Periodic table's newest elements are named
MANILA, Philippines – Nihonium, moscovium, tennessine, and oganesson: These are the proposed names for the 4 new elements added to the periodic table, the International Union of Pure and Applied Chemistry (IUPAC) said Wednesday, June 8.
The names, suggested by their discoverers, reflect the origins of the new elements, and are in accordance with nomenclature rules set by the global scientific body, IUPAC said in a statement.
The elements' names are based on the following, IUPAC said:
- Nihonium (Nh), with atomic number 113, is named after "Nihon," a way to say the name "Japan" in Japanese. It is the first element to be discovered in Asia, by scientists at the RIKEN Nishina Center for Accelerator-Based Science.
- Moscovium (Mc), atomic number 115, is named after the Moscow region in Russia, where the Joint Institute for Nuclear Research – one of the labs where the discoverers are based – is located.
- Tennessine (Ts), atomic number 117, is named to recognize "the contribution of the Tennessee region, including Oak Ridge National Laboratory, Vanderbilt University, and the University of Tennessee at Knoxville, to superheavy element research."
- Lastly, Oganesson (Og), atomic number 118, was named after Professor Yuri Oganessian, "his pioneering contributions to transactinoid elements research." The name was proposed by the scientists at the Joint Institute for Nuclear Research, Dubna in Russia, and the Lawrence Livermore National Laboratory in the US.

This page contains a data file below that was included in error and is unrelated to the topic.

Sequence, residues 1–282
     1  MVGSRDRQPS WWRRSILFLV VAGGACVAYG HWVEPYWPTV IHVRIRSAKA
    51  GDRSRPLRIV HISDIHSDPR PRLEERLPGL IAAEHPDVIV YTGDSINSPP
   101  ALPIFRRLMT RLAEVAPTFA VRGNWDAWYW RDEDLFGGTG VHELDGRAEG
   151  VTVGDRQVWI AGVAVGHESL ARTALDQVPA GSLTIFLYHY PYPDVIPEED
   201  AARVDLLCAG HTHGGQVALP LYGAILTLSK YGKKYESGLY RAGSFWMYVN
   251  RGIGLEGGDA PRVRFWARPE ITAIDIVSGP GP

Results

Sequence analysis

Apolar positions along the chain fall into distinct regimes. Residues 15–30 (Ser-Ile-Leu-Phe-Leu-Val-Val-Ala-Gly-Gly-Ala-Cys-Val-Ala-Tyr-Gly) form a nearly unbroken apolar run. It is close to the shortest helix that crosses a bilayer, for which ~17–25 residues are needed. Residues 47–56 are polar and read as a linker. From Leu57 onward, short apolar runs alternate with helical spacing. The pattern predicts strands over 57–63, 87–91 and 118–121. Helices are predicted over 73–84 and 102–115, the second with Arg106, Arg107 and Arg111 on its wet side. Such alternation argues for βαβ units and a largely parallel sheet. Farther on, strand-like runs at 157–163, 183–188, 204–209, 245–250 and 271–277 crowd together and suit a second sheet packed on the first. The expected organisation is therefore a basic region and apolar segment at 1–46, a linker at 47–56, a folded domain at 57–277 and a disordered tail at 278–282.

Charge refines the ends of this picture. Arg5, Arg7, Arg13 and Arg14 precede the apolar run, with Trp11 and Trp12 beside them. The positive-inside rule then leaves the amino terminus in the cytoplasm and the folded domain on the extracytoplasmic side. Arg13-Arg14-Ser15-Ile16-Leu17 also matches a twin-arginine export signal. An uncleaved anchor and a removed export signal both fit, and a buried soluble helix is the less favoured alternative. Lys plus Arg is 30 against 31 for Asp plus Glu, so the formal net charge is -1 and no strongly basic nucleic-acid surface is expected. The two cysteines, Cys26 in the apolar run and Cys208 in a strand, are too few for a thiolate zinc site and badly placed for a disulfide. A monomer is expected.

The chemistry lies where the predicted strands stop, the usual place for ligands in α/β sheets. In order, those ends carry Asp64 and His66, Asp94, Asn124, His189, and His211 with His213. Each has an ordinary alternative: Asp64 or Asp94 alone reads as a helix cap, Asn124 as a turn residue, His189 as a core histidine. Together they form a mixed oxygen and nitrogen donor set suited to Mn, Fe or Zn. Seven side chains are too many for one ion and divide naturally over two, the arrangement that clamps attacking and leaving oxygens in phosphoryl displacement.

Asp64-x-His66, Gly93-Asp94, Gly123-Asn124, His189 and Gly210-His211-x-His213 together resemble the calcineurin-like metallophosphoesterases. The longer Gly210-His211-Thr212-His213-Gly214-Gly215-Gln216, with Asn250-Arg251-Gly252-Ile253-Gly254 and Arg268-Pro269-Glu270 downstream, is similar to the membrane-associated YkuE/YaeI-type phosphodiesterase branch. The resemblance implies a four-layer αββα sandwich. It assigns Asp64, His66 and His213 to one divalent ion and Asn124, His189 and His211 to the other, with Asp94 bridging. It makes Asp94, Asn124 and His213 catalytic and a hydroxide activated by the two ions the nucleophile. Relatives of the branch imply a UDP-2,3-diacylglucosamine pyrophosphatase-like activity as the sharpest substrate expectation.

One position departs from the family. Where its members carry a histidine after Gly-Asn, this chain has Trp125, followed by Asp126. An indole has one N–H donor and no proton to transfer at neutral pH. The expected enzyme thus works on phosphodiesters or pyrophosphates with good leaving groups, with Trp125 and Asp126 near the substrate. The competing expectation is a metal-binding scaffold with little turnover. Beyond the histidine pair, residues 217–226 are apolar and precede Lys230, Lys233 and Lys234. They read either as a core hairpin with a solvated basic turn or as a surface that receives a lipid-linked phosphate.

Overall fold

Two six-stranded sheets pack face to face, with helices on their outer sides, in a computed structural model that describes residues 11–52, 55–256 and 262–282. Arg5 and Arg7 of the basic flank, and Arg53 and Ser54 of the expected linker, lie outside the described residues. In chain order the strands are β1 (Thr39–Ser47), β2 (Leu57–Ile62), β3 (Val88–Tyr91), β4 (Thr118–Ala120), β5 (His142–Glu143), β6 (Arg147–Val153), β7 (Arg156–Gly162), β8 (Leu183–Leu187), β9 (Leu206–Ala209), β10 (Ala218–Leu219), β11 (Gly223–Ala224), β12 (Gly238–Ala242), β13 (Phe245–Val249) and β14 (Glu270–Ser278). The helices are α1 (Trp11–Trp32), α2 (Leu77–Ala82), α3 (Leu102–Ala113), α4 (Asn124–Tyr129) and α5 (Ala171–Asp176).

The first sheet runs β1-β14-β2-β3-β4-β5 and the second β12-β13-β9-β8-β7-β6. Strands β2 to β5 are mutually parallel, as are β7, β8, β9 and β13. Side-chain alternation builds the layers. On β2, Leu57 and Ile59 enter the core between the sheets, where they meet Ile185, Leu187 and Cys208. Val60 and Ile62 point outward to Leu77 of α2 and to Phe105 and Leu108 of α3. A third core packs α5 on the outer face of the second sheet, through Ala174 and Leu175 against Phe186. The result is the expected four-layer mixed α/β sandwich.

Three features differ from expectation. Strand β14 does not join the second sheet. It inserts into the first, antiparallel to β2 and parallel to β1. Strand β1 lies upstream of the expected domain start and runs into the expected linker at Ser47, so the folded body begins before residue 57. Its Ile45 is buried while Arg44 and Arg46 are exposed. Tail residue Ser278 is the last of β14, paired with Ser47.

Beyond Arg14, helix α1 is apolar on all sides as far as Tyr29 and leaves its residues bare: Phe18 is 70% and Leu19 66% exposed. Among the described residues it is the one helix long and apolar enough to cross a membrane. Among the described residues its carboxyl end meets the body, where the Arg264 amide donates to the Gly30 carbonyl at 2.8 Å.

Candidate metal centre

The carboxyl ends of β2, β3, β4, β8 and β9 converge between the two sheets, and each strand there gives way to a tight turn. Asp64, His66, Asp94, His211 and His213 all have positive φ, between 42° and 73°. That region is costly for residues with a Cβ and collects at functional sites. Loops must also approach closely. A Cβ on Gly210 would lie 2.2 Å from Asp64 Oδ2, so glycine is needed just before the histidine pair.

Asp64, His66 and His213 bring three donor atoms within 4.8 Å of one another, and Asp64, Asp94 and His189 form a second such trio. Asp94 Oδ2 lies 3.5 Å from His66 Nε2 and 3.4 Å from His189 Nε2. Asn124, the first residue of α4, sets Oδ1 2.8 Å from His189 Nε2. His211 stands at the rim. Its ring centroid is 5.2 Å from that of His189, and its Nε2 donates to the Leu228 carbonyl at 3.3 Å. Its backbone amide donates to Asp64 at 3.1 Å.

Prior to this, the elements had the following temporary names and symbols:
- Element 113: ununtrium, Uut
- Element 115: ununpentium, Uup
- Element 117: ununseptium, Uus
- Element 118: ununoctium, Uuo
"Although these choices may perhaps be viewed by some as slightly self-indulgent, the names are completely in accordance with IUPAC rules," IUPAC's Jan Reedijk said. "I see it as thrilling to recognize that international collaborations were at the core of these discoveries and that these new names also make the discoveries somewhat tangible."
These names are now officially under a 5-month public review, and once the period lapses, the names will be formally approved by the IUPAC Council, the scientific body said.
The 4 new elements were officially added to the periodic table of elements after official verification by the IUPAC last January, which filled the gaps in the chart's 7th row.
The organization added that scientists are now working on looking for elements for the table's 8th row. – KD Suarez/Rappler.com
Periodic table image via Shutterstock